New York, NY
95 University Place  8th Floor
New York, NY 10003
212.366.1718
Brooklyn, NY (Greenpoint)
934 Manhattan Avenue
Brooklyn, NY 11222
718.389.8585
Englewood, NJ
370 Grand Avenue
Englewood, NJ 07631
201.816.8778

WESTMED Medical Group
73 Market Street,
GPS enter 1 Ridge Hill Blvd.
Yonkers, NY  10710

914.848.8060

 

Our team of specialists and staff believe that informed patients are better equipped to make decisions regarding their health and well being. For your personal use, we have created an extensive patient library covering an array of educational topics. Browse through these diagnoses and treatments to learn more about topics of interest to you. Or, for a more comprehensive search of our entire Web site, enter your term(s) in the search bar provided.

As always, you can contact our office to answer any questions or concerns.

Productive workers depend on their ability to walk and move about safely, with ease and comfort.

When your job requires you to stand on your feet for long periods, work in potentially hazardous areas or with potentially hazardous materials, you have some increased risk of foot injury. You can do a lot to prevent injuries by keeping your feet healthy and following safe work practices.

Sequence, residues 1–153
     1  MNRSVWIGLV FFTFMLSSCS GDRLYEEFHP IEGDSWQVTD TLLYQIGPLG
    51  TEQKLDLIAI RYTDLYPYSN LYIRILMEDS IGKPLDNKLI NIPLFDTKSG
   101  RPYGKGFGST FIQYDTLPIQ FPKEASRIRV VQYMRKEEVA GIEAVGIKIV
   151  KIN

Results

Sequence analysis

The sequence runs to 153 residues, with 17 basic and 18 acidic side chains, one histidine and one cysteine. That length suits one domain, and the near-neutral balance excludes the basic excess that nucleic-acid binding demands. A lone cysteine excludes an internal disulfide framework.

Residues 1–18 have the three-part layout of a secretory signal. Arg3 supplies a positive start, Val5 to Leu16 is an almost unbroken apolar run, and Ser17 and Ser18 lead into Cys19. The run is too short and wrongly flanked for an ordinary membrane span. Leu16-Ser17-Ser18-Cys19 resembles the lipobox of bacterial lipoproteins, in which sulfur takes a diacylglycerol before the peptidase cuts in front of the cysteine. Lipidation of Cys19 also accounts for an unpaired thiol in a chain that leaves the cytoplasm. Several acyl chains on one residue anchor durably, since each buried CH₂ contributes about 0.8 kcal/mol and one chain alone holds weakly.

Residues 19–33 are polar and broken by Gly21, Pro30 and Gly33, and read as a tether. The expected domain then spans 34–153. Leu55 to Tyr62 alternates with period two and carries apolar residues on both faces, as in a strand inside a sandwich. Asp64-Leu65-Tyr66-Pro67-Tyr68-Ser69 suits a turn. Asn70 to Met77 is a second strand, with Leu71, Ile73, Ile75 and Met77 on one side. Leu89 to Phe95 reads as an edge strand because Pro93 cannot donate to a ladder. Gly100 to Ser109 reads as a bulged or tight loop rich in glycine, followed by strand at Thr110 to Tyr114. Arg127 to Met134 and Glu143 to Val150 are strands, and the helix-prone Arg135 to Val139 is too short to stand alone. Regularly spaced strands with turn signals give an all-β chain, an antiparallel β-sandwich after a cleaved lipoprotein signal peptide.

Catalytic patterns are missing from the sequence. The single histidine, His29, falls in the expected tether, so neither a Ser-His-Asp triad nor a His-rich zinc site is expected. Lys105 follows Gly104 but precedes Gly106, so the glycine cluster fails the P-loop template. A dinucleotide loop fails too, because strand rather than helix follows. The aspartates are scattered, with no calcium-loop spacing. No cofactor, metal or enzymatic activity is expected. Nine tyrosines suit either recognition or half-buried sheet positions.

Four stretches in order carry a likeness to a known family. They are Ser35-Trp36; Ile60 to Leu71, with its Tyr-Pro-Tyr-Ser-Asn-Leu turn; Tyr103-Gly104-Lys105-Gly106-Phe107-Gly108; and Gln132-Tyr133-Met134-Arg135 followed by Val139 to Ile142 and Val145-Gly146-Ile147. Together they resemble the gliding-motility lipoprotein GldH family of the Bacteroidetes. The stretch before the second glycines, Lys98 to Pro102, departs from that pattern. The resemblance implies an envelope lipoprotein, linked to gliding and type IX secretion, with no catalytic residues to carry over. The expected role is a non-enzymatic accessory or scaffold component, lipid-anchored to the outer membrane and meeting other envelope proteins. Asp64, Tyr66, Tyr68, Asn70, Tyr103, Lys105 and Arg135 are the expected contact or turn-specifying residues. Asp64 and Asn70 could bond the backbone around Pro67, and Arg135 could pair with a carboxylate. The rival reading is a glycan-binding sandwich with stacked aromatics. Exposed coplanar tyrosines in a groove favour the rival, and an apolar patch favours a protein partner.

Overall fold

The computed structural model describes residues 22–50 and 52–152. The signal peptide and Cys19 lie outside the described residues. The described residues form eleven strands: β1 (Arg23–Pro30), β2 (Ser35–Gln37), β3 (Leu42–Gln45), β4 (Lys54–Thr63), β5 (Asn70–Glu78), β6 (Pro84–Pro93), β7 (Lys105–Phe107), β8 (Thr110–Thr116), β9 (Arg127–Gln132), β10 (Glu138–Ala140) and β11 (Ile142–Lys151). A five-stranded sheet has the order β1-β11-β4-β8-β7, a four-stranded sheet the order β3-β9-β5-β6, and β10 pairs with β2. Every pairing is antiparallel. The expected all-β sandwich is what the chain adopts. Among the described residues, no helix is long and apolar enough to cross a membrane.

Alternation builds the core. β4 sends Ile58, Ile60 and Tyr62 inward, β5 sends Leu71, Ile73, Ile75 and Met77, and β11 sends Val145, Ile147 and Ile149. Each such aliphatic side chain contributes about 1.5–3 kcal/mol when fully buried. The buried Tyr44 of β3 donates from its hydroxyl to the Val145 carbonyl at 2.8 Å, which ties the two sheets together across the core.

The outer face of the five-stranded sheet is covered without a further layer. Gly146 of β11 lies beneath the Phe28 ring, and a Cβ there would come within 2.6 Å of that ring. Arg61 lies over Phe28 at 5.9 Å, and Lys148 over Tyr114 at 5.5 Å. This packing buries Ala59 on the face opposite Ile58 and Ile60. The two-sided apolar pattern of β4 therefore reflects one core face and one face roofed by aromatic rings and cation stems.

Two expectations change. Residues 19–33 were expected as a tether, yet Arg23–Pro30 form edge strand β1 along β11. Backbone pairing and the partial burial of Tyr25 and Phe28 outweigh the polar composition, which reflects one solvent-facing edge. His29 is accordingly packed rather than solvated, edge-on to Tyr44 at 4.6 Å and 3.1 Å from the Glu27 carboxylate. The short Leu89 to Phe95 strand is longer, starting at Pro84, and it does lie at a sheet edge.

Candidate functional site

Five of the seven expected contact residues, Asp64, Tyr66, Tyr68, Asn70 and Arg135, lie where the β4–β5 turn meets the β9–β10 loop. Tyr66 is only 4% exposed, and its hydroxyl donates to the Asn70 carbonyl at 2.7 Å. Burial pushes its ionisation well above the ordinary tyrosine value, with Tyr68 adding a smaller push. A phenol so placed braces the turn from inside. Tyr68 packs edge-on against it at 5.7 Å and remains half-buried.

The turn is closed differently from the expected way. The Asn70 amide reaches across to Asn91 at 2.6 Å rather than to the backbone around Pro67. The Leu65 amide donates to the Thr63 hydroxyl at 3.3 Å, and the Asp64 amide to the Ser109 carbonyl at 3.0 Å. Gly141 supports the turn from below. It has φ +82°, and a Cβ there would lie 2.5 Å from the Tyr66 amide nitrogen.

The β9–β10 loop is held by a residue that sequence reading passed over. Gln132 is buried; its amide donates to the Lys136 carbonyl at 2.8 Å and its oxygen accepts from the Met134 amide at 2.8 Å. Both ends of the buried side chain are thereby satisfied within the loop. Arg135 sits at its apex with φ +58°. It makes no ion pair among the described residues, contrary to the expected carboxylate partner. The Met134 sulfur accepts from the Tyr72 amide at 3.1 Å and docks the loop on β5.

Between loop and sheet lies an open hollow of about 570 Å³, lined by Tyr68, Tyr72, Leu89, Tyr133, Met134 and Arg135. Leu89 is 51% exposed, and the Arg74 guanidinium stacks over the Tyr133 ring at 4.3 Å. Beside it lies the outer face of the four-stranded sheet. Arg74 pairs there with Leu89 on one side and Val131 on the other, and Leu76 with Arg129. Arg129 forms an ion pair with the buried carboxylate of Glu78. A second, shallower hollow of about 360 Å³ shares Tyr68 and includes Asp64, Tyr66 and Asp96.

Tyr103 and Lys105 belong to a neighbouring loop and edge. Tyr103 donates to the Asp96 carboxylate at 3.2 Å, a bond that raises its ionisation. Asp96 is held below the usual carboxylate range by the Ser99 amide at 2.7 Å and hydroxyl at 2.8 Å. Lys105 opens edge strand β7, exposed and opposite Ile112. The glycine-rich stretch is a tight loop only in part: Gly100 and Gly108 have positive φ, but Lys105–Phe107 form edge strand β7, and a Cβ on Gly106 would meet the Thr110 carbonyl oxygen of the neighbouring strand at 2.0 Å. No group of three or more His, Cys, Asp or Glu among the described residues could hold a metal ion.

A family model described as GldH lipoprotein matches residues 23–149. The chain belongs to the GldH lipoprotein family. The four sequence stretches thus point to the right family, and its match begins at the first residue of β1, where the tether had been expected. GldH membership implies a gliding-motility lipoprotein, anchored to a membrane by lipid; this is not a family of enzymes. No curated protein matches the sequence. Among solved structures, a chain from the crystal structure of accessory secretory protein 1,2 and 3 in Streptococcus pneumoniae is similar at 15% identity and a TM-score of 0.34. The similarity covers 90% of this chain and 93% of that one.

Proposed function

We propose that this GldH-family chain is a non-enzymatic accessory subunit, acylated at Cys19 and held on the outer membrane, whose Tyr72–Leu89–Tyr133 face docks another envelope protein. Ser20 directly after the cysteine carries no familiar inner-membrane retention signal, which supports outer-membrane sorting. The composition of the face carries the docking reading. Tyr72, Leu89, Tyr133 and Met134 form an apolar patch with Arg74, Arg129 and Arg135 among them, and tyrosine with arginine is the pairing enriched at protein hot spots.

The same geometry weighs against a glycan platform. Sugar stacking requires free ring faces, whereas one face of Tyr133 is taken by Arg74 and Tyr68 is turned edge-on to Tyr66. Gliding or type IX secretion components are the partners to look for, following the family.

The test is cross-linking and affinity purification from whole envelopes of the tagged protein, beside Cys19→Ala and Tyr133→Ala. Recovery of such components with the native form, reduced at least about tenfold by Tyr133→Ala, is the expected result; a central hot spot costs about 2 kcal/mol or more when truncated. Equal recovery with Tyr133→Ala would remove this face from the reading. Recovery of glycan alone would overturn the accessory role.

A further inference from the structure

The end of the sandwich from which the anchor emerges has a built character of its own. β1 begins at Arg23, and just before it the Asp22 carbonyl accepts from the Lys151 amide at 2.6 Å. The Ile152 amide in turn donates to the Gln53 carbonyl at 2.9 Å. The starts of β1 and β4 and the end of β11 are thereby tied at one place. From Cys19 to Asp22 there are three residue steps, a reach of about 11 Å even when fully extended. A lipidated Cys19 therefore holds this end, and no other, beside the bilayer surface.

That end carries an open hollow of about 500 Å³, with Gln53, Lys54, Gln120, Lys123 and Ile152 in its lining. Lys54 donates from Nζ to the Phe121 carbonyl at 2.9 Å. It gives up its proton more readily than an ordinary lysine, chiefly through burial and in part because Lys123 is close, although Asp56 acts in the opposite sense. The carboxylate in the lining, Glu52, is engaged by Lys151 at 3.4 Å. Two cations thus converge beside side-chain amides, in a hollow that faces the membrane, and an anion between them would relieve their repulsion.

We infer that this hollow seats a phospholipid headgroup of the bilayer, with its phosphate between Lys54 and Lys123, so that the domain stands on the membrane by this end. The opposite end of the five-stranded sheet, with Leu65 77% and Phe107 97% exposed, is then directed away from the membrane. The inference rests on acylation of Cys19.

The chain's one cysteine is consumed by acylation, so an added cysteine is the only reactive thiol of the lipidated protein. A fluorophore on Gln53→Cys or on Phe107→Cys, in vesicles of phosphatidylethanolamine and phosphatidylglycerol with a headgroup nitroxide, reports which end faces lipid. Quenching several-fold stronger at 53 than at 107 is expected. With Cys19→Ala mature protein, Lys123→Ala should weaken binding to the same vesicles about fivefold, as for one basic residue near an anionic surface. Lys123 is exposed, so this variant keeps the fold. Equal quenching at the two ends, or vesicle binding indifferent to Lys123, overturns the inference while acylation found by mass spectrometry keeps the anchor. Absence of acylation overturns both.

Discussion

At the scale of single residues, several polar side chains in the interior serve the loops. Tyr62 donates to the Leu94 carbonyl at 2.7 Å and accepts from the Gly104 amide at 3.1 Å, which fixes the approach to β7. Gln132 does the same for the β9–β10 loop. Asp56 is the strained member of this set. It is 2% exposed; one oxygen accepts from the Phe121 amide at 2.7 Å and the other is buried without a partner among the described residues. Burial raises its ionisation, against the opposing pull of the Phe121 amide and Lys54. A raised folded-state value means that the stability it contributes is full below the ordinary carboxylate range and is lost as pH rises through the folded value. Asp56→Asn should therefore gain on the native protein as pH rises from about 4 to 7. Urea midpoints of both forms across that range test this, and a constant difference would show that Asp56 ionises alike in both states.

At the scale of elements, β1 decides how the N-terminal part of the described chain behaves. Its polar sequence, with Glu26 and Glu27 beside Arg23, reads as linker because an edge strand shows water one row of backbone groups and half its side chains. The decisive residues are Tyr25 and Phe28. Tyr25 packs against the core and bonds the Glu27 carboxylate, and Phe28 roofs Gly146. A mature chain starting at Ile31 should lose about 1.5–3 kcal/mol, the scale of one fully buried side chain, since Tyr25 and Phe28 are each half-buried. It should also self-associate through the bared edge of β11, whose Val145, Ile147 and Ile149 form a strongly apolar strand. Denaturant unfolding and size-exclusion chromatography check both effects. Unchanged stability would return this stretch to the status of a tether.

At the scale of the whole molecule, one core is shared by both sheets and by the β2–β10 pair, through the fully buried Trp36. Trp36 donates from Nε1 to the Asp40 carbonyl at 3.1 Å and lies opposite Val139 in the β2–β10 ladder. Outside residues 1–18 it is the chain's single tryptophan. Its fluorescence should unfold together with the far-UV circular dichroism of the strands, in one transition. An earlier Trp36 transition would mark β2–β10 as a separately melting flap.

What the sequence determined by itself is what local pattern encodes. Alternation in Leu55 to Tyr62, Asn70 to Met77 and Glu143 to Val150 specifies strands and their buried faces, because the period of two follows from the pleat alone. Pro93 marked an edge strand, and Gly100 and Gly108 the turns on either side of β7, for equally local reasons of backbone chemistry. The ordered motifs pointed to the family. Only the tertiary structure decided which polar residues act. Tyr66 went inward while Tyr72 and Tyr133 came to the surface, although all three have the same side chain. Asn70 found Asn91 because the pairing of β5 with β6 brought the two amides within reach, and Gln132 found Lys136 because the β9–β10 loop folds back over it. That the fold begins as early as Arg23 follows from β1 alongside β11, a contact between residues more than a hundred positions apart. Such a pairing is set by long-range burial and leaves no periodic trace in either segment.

According to the National Safety Council, in any given year, there are about 120,000 job-related foot injuries, one-third of them toe injuries.

In addition to following the same basic foot care guidelines for all people, when you are on the job be sure to develop safe work habits and attitudes. This includes wearing protective footwear when appropriate. The National Safety Council also reports that only one out of four victims of job-related foot injury wear any type of safety shoe or boot. The remaining three either are unaware of the benefits of protective footwear or complain about it.

 

 

 

 

 

 

 

 


 

Review interesting recent articles on feet.

 

From Journal Watch, June 6, 2013

The Agony of the Feet

By Amy Orciari Herman

Several new studies, including one in theJournal of Applied Physiology, have found that running barefoot or in minimalist footwear does not result in greater physiologic efficiency or injury prevention, according to the New York Times "Well" blog.

Indeed, it seems that when it comes to running, one style does not fit all. The Times quotes one expert: "I always recommend that runners run the way that is most natural and comfortable for them.... Each runner runs a certain way for a reason, likely because of the way they were physically built. Unless there is some indication that you should change things, such as repeated injury, do not mess with that plan."

New York Times "Well" blog

Journal of Applied Physiologyabstract

 

http://www.bbc.co.uk/news/health-22555774